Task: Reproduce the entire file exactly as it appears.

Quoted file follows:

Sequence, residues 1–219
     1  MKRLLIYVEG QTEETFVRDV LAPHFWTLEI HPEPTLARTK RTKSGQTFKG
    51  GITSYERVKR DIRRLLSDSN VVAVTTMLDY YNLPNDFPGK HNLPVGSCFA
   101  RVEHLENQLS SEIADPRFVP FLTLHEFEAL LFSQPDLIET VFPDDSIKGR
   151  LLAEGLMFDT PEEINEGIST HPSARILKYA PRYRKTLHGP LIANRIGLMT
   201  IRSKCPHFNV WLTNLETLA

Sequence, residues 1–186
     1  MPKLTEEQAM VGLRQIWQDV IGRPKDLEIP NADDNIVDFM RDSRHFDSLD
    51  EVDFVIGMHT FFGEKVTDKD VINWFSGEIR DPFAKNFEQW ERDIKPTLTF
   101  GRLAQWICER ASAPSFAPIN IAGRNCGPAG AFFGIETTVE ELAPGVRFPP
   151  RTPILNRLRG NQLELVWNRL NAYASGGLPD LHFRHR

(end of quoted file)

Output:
Sequence, residues 1–219
     1  MKRLLIYVEG QTEETFVRDV LAPHFWTLEI HPEPTLARTK RTKSGQTFKG
    51  GITSYERVKR DIRRLLSDSN VVAVTTMLDY YNLPNDFPGK HNLPVGSCFA
   101  RVEHLENQLS SEIADPRFVP FLTLHEFEAL LFSQPDLIET VFPDDSIKGR
   151  LLAEGLMFDT PEEINEGIST HPSARILKYA PRYRKTLHGP LIANRIGLMT
   201  IRSKCPHFNV WLTNLETLA

Sequence, residues 1–186
     1  MPKLTEEQAM VGLRQIWQDV IGRPKDLEIP NADDNIVDFM RDSRHFDSLD
    51  EVDFVIGMHT FFGEKVTDKD VINWFSGEIR DPFAKNFEQW ERDIKPTLTF
   101  GRLAQWICER ASAPSFAPIN IAGRNCGPAG AFFGIETTVE ELAPGVRFPP
   151  RTPILNRLRG NQLELVWNRL NAYASGGLPD LHFRHR